I had expected this game to include a soundtrack gleaned from his best works, and perhaps an RPG involving the quest for Polish independence for the gameplay, but I was sadly disappointed. Perhaps I should have read the wiki entry on Giant Bomb first.
She's not worth saving mate.
Oh yeah, and the girl, Polka? She was so annoying, I just wanted to inflict physical violence on her. The way she walked with her arms out like a pathetic aeroplane, the way she talked, aaaaah! I hate you!
On the plus side, I enjoyed this game to the point where I now feel I can tackle Infinite Undiscovery (seriously, what is up with Japan and game titles?). I'm still not a big fan of JRPGs, but I can't not play a game if I have it in my collection.

Other Stuff

Anyway, I recently gave the following games a go, but they will fall by the wayside as I finish up my Eternal Sonata experience, and hopefully sink a lot of time into Red Dead Redemption when it comes out shortly afterwards.
I wanna be a cowboy

Super Street Fighter IV
Red Faction Guerilla
Ninja Gaiden II
P.B. Winterbottom
In non-gaming related matters, I have been putting off booking any plane tickets to the US for too long now. I should get on to it or I will never make it to San Diego (or get a decent cowboy hat) in September. Also, now I don't know when I should convert currency. I thought the Aussie dollar would climb against the US dollar later this year, but what do I know? It just lost 2 whole cents recently. That's a lot. At the rate I'm going I will end up holidaying in New Zealand (which isn't a bad second option).

Thief 2: Better than Splinter Cell

Thief 2 has been the best stealth game for 10 years now

I have no doubt that Splinter Cell: Conviction will be a great game. But I may never pick it up, because to me, Thief 2 is the be all and end all of stealth games.  
I'm biased, i guess. I played Thief 2 when I had a lot of time on my hands and I was able to become really immersed in the Thief 2 world. I also prefer shooting arrows instead of bullets. In saying that, I think subsequent Thief games haven't been as good, although I'm still holding out hope for the next iteration that Eidos is currently developing.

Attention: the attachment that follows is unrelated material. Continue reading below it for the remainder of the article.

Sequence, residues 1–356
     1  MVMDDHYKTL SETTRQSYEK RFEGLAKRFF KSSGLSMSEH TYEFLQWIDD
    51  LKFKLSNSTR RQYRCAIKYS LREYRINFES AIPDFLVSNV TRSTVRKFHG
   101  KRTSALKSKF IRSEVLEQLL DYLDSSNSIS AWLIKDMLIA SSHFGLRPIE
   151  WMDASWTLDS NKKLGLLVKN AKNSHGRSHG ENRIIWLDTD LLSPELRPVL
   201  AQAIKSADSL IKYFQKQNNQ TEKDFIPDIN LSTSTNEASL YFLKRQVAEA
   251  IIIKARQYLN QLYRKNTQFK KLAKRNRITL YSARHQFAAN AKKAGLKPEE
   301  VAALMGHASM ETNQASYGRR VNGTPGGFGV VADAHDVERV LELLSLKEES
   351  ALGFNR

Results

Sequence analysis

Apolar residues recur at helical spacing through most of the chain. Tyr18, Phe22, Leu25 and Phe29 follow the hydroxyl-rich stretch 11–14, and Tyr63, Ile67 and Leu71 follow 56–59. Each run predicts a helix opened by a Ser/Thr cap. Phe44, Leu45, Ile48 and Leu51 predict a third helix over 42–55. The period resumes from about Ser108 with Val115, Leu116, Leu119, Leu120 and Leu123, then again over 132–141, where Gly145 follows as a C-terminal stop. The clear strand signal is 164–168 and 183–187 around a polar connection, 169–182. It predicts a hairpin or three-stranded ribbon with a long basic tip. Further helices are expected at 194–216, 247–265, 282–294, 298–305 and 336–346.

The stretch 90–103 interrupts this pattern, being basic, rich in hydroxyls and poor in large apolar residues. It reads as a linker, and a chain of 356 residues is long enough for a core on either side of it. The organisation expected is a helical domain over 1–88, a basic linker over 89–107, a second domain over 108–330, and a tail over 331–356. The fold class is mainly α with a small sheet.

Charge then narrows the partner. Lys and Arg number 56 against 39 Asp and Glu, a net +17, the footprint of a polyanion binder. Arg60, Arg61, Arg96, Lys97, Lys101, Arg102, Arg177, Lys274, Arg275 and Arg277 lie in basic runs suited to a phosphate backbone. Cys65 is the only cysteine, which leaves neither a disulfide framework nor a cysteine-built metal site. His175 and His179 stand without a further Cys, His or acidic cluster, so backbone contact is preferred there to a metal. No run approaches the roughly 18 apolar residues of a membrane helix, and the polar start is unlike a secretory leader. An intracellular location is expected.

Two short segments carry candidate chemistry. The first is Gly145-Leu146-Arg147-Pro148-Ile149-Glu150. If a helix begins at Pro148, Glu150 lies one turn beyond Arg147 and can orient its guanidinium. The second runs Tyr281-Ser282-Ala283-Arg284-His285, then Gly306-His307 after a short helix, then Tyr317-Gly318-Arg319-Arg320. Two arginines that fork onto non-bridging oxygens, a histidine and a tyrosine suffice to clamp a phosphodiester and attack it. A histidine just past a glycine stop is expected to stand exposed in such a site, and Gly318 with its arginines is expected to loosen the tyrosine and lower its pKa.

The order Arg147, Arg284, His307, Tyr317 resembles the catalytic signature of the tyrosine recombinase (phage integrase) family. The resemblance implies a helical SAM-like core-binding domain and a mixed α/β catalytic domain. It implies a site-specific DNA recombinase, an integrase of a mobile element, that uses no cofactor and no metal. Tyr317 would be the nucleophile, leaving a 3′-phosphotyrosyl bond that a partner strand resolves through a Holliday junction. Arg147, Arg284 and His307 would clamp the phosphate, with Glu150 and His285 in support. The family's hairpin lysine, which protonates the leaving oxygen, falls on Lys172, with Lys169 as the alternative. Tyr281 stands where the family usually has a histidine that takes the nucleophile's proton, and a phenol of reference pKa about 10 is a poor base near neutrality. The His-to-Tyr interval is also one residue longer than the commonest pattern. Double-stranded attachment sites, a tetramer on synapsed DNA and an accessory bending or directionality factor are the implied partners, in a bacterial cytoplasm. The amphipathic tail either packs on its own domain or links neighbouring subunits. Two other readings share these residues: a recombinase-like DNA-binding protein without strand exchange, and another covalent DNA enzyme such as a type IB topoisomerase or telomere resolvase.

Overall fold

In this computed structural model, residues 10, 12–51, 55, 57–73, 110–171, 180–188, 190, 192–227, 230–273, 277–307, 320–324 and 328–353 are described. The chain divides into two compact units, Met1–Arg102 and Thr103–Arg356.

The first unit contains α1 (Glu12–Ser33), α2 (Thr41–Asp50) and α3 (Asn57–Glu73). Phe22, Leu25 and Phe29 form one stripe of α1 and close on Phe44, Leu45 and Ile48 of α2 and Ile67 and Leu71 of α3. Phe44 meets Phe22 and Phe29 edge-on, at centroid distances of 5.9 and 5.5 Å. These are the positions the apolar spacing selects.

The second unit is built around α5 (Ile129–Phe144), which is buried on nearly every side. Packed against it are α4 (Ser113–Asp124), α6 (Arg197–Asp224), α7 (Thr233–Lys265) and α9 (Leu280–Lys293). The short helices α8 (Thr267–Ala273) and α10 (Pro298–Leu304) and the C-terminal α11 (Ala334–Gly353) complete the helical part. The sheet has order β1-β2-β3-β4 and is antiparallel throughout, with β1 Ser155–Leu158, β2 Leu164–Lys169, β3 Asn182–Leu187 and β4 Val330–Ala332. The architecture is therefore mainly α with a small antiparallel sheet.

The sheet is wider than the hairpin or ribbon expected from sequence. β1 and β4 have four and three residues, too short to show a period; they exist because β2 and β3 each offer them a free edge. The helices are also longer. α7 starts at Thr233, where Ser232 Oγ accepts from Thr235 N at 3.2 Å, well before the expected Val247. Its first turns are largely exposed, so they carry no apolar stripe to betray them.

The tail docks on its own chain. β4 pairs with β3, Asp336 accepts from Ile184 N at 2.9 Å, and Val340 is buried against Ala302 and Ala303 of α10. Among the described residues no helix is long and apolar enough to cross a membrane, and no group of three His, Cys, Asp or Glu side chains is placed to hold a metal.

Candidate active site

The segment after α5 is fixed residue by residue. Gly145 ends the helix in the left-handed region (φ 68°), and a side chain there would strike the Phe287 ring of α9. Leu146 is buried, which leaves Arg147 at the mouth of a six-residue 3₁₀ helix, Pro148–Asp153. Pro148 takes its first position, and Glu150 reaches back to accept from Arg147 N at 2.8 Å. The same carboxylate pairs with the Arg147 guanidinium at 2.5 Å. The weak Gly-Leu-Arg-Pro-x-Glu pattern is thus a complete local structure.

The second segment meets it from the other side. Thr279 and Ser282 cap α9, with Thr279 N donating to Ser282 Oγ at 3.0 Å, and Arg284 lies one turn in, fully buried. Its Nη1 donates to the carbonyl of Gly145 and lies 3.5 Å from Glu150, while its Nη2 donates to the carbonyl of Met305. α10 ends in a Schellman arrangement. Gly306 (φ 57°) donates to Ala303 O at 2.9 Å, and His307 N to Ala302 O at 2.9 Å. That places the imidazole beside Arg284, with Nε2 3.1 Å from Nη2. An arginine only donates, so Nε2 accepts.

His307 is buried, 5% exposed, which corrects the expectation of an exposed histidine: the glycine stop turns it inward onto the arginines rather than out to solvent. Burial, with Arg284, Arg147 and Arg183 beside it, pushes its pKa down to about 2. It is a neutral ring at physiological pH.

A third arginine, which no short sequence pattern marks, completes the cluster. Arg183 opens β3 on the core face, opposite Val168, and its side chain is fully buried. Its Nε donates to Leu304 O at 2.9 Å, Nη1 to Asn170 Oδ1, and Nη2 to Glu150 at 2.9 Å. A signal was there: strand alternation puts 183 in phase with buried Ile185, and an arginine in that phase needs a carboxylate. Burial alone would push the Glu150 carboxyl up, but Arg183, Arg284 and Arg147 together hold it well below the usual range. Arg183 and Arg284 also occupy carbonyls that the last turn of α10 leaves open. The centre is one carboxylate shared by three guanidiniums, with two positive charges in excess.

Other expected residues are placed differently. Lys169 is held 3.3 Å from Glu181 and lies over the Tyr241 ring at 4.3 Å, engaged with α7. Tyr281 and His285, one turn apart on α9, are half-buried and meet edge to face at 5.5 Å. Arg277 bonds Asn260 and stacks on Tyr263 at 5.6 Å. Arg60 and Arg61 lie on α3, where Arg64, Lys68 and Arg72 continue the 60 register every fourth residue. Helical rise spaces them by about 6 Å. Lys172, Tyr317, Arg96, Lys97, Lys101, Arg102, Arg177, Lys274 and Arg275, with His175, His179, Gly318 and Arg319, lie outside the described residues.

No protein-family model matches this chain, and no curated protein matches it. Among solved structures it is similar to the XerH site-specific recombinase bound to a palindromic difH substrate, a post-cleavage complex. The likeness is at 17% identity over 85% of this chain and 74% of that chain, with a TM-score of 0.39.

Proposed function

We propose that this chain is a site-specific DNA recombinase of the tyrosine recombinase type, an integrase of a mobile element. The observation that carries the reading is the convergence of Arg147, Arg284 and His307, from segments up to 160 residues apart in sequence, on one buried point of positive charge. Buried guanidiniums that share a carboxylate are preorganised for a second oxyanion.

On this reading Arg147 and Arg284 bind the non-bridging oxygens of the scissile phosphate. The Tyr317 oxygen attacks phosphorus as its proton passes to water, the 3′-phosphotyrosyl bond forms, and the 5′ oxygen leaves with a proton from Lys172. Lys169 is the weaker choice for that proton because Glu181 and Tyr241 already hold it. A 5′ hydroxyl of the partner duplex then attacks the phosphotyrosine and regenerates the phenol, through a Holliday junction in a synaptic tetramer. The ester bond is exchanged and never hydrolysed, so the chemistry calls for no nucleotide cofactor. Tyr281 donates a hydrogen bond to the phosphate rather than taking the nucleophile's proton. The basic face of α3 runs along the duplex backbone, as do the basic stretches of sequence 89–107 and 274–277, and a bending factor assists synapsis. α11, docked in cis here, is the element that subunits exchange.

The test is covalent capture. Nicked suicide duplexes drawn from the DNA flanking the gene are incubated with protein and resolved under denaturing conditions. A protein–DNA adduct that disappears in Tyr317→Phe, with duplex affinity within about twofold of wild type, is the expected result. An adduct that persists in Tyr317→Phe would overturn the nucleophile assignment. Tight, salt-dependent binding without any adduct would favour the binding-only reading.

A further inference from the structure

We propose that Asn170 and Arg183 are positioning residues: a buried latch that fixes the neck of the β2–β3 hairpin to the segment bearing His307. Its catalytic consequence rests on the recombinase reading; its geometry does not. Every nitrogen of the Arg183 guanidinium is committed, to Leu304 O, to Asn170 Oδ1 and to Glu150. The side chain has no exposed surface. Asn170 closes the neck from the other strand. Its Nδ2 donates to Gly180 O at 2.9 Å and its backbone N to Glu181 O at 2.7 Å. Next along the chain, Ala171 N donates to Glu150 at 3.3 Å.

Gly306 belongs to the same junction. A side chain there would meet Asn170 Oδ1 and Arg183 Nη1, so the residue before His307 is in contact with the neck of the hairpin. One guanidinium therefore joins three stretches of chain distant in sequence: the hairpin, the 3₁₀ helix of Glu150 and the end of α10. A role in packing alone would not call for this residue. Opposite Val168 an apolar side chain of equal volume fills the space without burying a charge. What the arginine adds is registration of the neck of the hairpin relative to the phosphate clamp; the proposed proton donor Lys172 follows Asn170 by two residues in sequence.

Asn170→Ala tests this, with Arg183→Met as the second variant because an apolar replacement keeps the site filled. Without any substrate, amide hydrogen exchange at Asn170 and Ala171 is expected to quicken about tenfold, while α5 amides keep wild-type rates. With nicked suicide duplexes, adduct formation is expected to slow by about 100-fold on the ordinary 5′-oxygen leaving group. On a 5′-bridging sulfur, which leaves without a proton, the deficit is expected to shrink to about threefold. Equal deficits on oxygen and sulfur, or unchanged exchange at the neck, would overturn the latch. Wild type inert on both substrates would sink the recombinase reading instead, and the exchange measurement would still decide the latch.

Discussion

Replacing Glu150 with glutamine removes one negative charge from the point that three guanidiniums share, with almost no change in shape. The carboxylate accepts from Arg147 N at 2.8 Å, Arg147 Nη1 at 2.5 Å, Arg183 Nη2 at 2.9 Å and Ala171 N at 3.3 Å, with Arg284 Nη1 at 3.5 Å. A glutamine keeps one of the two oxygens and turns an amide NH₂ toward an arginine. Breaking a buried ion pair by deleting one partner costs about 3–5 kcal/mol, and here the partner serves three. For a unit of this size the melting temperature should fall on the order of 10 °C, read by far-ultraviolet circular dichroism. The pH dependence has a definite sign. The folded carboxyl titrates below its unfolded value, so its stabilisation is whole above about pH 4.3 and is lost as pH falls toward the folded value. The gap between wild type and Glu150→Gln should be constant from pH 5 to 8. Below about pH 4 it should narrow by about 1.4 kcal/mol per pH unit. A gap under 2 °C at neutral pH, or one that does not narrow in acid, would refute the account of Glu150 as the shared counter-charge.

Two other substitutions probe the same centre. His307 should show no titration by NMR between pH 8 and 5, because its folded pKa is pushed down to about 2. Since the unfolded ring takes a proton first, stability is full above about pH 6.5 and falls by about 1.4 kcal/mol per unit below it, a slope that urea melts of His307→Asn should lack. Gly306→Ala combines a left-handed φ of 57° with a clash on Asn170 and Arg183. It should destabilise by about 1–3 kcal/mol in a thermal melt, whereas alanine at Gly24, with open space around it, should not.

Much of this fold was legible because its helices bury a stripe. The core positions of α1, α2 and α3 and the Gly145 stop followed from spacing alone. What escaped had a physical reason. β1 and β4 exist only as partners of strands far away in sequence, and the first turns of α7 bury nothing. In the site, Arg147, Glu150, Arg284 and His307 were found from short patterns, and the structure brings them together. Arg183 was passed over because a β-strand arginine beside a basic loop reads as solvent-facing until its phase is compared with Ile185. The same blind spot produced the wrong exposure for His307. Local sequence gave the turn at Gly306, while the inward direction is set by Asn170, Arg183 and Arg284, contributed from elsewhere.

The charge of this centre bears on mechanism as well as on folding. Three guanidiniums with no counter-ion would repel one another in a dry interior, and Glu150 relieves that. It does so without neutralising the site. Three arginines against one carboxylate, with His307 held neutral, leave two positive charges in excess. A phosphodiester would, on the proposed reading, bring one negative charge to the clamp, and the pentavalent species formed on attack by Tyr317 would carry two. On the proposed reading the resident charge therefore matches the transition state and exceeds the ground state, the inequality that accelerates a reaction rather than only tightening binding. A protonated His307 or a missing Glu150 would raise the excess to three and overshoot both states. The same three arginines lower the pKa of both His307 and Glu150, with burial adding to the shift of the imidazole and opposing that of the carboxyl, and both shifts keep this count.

Thief 2 is also the game that introduced me to the Splinter Cell series, and that is the only black mark I hold against an otherwise fantastic game. I have seen other people playing Splinter Cell games, and they always look pretty good. I also enjoy sitting in the dark, waiting for my next victim to come around in the looping circuit the developer has set for it. Who doesn't like feeling like a badass ninja? The thing is, when I tried playing the game for myself in Splinter Cell: Double Agent, about 5 years after playing Thief 2, I just couldn't get into it. 
Maybe it's because I'm not a big fan of the modern military setting, which is also why I never got into the Modern Warfare games. Maybe it's because I spent about 30 minutes in the missile silo in the first mission, wandering around with no clue where to go. Or maybe its because the wide array of gadgets confuse me so much. In Thief 2, you douse lights with water arrows, quieten footsteps with moss arrows, and climb up stuff with vine arrows. It even has a fiber optic camera equivalent in a fancy fake eye. Simple right? I still think I stopped the launch of the missile purely by luck, as I still have no idea how the decryption tool works in Splinter Cell. Technology! Come to think of it, maybe I don't like Splinter Cell because of all the technology. Garrett, the protagonist in Thief, fought against  technology, and this is what I do in Splinter Cell. 
Ultimately though, both games are stealth games. And in my opinion, the stealth mechanic has not been improved on since Thief 2. That's 10 whole years of the same old sneaking around according to a light sensor.  
Thief 2 got it right. If you're seen or heard by an enemy, chances are you're dead. The mechanic worked to perfection, with lots of sneaking around in shadows and avoiding marble or metal floors. You judged your stealthiness by a light crystal on the HUD, and shot moss arrows to cross noisy surfaces, or just crossed over in the eaves.  
Splinter Cell Double Agent does all this, and does it very competently. But it doesn't seem to have brought anything new to the stealth mechanic. You still stick to the shadows, judging visibility by a light meter, and I don't know if it factors in footstep noise, but if it does there is certainly no way of lightening the sound. For those reason, all the Splinter Cell games are, are merely Thief: Modern Warfare in my eyes. They offer nothing in the stealth genre that Thief 2 hasn't done already. 
Perhaps the stealth mechanic was perfected by Thief 2, but I doubt it. Surely there are ways in which it can be improved upon. Assassin's Creed had some stealth, but there wasn't much sneaking around in shadows. All the world's greatest assassin could do was blend into crowds and hide in haystacks. Sure, that's a new mechanic, but it's not really stealth. 
I guess I just want to be able to hide in the dark and kill dudes without being reminded of what a great game Thief 2 was. Is that too much to ask?